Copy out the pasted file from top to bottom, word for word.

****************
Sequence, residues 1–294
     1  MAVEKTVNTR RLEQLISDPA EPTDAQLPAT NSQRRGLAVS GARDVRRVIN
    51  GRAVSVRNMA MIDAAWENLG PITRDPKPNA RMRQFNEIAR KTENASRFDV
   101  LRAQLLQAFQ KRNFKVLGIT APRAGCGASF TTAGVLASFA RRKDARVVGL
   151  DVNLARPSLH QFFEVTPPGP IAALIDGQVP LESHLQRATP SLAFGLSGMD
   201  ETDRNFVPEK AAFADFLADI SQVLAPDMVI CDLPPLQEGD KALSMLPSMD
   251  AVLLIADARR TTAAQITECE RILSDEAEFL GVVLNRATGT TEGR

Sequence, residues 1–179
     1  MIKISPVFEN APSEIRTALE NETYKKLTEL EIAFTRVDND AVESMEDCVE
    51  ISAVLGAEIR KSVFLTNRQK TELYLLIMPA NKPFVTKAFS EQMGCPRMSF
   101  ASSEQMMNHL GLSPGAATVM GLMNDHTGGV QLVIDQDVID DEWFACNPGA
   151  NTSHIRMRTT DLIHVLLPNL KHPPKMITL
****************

Sequence, residues 1–294
     1  MAVEKTVNTR RLEQLISDPA EPTDAQLPAT NSQRRGLAVS GARDVRRVIN
    51  GRAVSVRNMA MIDAAWENLG PITRDPKPNA RMRQFNEIAR KTENASRFDV
   101  LRAQLLQAFQ KRNFKVLGIT APRAGCGASF TTAGVLASFA RRKDARVVGL
   151  DVNLARPSLH QFFEVTPPGP IAALIDGQVP LESHLQRATP SLAFGLSGMD
   201  ETDRNFVPEK AAFADFLADI SQVLAPDMVI CDLPPLQEGD KALSMLPSMD
   251  AVLLIADARR TTAAQITECE RILSDEAEFL GVVLNRATGT TEGR

Sequence, residues 1–179
     1  MIKISPVFEN APSEIRTALE NETYKKLTEL EIAFTRVDND AVESMEDCVE
    51  ISAVLGAEIR KSVFLTNRQK TELYLLIMPA NKPFVTKAFS EQMGCPRMSF
   101  ASSEQMMNHL GLSPGAATVM GLMNDHTGGV QLVIDQDVID DEWFACNPGA
   151  NTSHIRMRTT DLIHVLLPNL KHPPKMITL